Miss Mason gave a quick look up at him. The action was purely involuntary, and, in fact, had been half a startle of surprise. The next instant her eyes had dropped again, and she sat waiting to go on with the dictation. But in that moment of her glance Daylight had noted that her eyes were gray. He was later to learn that at times there were golden lights in those same gray eyes; but he had seen enough, as it was, to surprise him, for he became suddenly aware that he had always taken her for a brunette with brown eyes, as a matter of course.

"You were right, after all," he confessed, with a sheepish grin that sat incongruously on his stern, Indian-like features.

Again he was rewarded by an upward glance and an acknowledging smile, and this time he verified the fact that her eyes were gray.

"But it don't sound right, just the same," he complained. At this she laughed outright.

"I beg your pardon," she hastened to make amends, and then spoiled it by adding, "but you are so funny."

Daylight began to feel a slight awkwardness, and the sun would persist in setting her hair a-smouldering.

"I didn't mean to be funny," he said.

"That was why I laughed. But it is right, and perfectly good grammar."

"All right," he sighed—"I shall meet you halfway in this proposition—got that?" And the dictation went on. He discovered that in the intervals, when she had nothing to do, she read books and magazines, or worked on some sort of feminine fancy work.

Passing her desk, once, he picked up a volume of Kipling's poems and glanced bepuzzled through the pages. "You like reading, Miss Mason?" he said, laying the book down.

"Oh, yes," was her answer; "very much."

Another time it was a book of Wells', The Wheels of Change. "What's it all about?" Daylight asked.

"Oh, it's just a novel, a love-story." She stopped, but he still stood waiting, and she felt it incumbent to go on.

"It's about a little Cockney draper's assistant, who takes a vacation on his bicycle, and falls in with a young girl very much above him. Her mother is a popular writer and all that. And the situation is very curious, and sad, too, and tragic. Would you care to read it?"

"Does he get her?" Daylight demanded.

"No; that's the point of it. He wasn't—"

"And he doesn't get her, and you've read all them pages, hundreds of them, to find that out?" Daylight muttered in amazement.

Miss Mason was nettled as well as amused.

"But you read the mining and financial news by the hour," she retorted.

"But I sure get something out of that. It's business, and it's different. I get money out of it. What do you get out of books?"

"Points of view, new ideas, life."

"Not worth a cent cash."

"But life's worth more than cash," she argued.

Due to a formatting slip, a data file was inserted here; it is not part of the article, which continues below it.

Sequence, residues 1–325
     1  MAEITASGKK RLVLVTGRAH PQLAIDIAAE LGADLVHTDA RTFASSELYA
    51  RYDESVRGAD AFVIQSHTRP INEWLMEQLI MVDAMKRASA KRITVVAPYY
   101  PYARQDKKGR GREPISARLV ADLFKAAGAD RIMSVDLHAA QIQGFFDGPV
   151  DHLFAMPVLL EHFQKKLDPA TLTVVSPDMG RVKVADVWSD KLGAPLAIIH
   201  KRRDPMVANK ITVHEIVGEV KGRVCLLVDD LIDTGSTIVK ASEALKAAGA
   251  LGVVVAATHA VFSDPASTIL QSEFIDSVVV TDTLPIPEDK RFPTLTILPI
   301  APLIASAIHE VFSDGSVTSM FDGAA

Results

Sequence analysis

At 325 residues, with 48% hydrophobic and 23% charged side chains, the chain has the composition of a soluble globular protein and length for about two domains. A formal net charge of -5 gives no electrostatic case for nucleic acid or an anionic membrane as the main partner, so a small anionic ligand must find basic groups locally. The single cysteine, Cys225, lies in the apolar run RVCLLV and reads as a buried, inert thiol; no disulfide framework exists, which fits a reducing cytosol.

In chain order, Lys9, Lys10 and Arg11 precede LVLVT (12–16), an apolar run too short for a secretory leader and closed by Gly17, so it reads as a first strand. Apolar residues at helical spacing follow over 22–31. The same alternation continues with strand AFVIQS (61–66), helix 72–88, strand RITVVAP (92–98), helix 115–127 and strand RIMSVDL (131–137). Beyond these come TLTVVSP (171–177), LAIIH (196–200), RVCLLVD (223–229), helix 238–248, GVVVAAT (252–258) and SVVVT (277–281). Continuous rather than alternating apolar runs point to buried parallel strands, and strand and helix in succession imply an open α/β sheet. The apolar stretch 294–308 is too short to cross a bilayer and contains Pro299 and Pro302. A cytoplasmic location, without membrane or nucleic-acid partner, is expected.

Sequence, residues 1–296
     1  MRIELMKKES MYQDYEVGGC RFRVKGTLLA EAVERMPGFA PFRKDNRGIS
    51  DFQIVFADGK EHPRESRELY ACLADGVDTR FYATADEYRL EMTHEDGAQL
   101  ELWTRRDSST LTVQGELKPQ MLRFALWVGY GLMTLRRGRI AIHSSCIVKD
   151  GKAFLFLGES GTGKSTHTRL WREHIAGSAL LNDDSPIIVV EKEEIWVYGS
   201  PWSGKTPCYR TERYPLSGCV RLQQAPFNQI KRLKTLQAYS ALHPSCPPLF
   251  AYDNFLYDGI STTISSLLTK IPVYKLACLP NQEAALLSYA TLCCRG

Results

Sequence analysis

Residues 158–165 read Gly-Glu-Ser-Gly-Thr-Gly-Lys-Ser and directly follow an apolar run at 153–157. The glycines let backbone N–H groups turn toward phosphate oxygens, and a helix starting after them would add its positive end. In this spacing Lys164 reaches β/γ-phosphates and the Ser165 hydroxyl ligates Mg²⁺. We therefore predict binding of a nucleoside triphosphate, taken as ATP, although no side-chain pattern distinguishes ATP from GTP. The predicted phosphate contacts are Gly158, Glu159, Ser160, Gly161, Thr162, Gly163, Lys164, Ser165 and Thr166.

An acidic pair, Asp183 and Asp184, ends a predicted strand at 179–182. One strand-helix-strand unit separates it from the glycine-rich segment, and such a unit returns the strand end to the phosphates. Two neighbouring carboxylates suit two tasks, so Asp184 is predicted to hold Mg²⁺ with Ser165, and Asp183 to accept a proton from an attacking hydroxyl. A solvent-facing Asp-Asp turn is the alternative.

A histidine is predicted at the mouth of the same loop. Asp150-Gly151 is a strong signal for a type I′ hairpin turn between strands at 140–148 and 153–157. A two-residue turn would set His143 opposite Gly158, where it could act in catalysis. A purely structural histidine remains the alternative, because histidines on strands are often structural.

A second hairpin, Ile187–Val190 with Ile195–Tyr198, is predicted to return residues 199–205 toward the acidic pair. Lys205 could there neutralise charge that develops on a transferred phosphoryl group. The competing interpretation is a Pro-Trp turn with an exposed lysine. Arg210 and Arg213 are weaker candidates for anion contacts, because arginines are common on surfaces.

"Oh, well," he said, with easy masculine tolerance, "so long as you enjoy it. That's what counts, I suppose; and there's no accounting for taste."

Despite his own superior point of view, he had an idea that she knew a lot, and he experienced a fleeting feeling like that of a barbarian face to face with the evidence of some tremendous culture. To Daylight culture was a worthless thing, and yet, somehow, he was vaguely troubled by a sense that there was more in culture than he imagined.

Again, on her desk, in passing, he noticed a book with which he was familiar. This time he did not stop, for he had recognized the cover. It was a magazine correspondent's book on the Klondike, and he knew that he and his photograph figured in it and he knew, also, of a certain sensational chapter concerned with a woman's suicide, and with one "Too much Daylight."

After that he did not talk with her again about books. He imagined what erroneous conclusions she had drawn from that particular chapter, and it stung him the more in that they were undeserved. Of all unlikely things, to have the reputation of being a lady-killer,—he, Burning Daylight,—and to have a woman kill herself out of love for him. He felt that he was a most unfortunate man and wondered by what luck that one book of all the thousands of books should have fallen into his stenographer's hands. For some days afterward he had an uncomfortable sensation of guiltiness whenever he was in Miss Mason's presence; and once he was positive that he caught her looking at him with a curious, intent gaze, as if studying what manner of man he was.

He pumped Morrison, the clerk, who had first to vent his personal grievance against Miss Mason before he could tell what little he knew of her.

"She comes from Siskiyou County. She's very nice to work with in the office, of course, but she's rather stuck on herself—exclusive, you know."

"How do you make that out?" Daylight queried.

"Well, she thinks too much of herself to associate with those she works with, in the office here, for instance. She won't have anything to do with a fellow, you see. I've asked her out repeatedly, to the theatre and the chutes and such things. But nothing doing. Says she likes plenty of sleep, and can't stay up late, and has to go all the way to Berkeley—that's where she lives."

This phase of the report gave Daylight a distinct satisfaction. She was a bit above the ordinary, and no doubt about it. But Morrison's next words carried a hurt.

"But that's all hot air. She's running with the University boys, that's what she's doing. She needs lots of sleep and can't go to the theatre with me, but she can dance all hours with them. I've heard it pretty straight that she goes to all their hops and such things. Rather stylish and high-toned for a stenographer, I'd say. And she keeps a horse, too. She rides astride all over those hills out there. I saw her one Sunday myself. Oh, she's a high-flyer, and I wonder how she does it. Sixty-five a month don't go far. Then she has a sick brother, too."